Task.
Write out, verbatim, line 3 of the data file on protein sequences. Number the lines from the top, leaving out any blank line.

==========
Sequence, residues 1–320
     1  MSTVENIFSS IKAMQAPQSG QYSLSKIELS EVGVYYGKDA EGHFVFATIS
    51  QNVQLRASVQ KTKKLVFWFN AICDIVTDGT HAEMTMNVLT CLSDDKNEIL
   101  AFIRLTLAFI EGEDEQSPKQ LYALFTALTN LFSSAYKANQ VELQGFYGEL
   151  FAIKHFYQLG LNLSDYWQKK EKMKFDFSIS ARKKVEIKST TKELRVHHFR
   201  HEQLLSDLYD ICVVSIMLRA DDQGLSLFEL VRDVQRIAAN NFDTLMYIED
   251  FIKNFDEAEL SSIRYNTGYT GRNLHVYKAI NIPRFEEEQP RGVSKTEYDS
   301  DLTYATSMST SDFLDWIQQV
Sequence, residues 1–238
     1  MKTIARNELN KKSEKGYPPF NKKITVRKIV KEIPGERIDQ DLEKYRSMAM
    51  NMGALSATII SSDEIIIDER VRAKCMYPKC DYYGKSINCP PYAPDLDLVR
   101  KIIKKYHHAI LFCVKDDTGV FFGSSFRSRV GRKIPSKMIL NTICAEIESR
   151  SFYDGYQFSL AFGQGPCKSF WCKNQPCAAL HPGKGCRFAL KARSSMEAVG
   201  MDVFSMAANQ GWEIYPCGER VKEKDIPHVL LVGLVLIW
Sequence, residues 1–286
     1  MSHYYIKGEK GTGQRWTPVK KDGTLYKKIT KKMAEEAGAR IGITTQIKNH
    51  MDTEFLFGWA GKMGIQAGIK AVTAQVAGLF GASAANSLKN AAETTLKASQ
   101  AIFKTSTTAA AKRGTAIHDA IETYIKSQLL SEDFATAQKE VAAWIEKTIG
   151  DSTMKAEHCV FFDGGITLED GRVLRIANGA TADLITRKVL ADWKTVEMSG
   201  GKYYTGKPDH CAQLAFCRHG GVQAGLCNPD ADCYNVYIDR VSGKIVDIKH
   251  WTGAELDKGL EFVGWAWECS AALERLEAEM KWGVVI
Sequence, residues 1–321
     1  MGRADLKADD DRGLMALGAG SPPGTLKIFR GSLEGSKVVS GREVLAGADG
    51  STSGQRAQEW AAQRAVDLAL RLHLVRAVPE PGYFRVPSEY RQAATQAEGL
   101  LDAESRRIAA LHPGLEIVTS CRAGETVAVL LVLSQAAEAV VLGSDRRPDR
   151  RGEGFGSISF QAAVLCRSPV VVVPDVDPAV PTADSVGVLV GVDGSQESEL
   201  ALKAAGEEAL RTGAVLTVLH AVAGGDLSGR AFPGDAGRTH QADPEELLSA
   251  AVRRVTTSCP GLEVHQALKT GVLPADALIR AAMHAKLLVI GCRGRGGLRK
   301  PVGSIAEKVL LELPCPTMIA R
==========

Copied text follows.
    51  QNVQLRASVQ KTKKLVFWFN AICDIVTDGT HAEMTMNVLT CLSDDKNEIL